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Issuance of DOL’s Overtime Rule is Imminent

Last summer, we alerted you to the Department of Labor’s (“DOL”) anticipated rule (the “Overtime Rule”) that would significantly change the salary threshold for exemption from the overtime requirements of the Fair Labor Standards Act (“FLSA”). Because of the upcoming federal elections, we anticipate that the final rule will be published this month to avoid its review by the next congress.

The DOL published the proposed rule on July 6, 2015, permitting submission of comments through September 4, 2015. Due to the significant impact of the proposed rule and the breadth of employers and individuals affected, many requested an extension of the comment period. However, the DOL refused, stating in a letter by Wage and Hour Division Administrator David Weil, that the standard comment period provided “sufficient time” and that, “coupled with the feedback already received … will meet the goal … ensuring the Department has the level of insight from the public needed to produce a quality regulation.” Even without an extension, the proposed rule generated almost 300,000 comments.

The Overtime Rule is now in the hands of the White House’s Office of Management and Budget (OMB)—the final stage before a rule is published and sent to Congress for consideration. While the OMB review typically takes around four to six weeks, and theoretically could take months, the timeline for this rule in particular has been expedited in a speculative effort to avoid potential procedural delay under the Congressional Review Act (“CRA”). The CRA was passed in 1996 under Speaker Newt Gingrich, and functions as a procedure for Congress to overturn statutory regulations promulgated by executive branch agencies by way of passing a “resolution of disapproval.” However, a resolution of disapproval may be overturned by Presidential veto.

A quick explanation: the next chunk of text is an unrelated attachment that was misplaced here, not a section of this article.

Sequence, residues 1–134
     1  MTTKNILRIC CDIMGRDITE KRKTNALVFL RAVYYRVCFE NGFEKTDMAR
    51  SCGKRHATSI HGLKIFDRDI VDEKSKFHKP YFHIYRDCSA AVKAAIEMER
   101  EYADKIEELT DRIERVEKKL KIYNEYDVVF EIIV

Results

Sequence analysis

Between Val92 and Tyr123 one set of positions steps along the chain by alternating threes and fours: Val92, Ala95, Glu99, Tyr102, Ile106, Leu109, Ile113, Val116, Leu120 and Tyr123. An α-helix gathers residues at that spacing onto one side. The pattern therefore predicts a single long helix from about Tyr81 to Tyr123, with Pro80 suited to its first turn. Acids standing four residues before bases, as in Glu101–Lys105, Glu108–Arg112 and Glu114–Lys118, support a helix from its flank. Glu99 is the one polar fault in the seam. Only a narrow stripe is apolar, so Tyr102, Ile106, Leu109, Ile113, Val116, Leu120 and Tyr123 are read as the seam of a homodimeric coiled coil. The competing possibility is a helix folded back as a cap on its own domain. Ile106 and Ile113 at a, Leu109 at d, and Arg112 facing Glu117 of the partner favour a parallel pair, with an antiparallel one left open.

The President would inevitably reject any congressional resolution of disapproval that nixes the Overtime Rule, and so the potential CRA road block for the Obama administration and current DOL officials lies in a required 60-day period for congressional review. The CRA stipulates that if a major rule is submitted to Congress with fewer than 60 session days remaining on the legislative calendar, then the next Congress will have a similar 60-day period to consider the rule. In other words, if the overtime rule was not approved and released by the OMB by this week—per calculations by the Congressional Research Service—it will be subject to approval and implementation by the next Congress and President. Thus the Obama administration and current DOL officials are sufficiently motivated to continue on an expedited timetable, and many expect that a final rule will be published in the next few days.

Copyright © 2020, Hunton Andrews Kurth LLP. All Rights Reserved.National Law Review, Volume VI, Number 138


About this Author

In recent years, labor and employment disputes have grown larger, more complex and far more likely to pose a significant threat to an employer’s core business interests. The plaintiffs’ bar has dramatically increased its use of high-stakes class, collective, and mass actions to cover a wide spectrum of labor and employment, wage and hour, and public accessibility claims; federal and state agencies are focusing on claims of systemic discrimination and substantially increasing their budgets to litigate pattern or practice cases; and legislators continue to debate laws...

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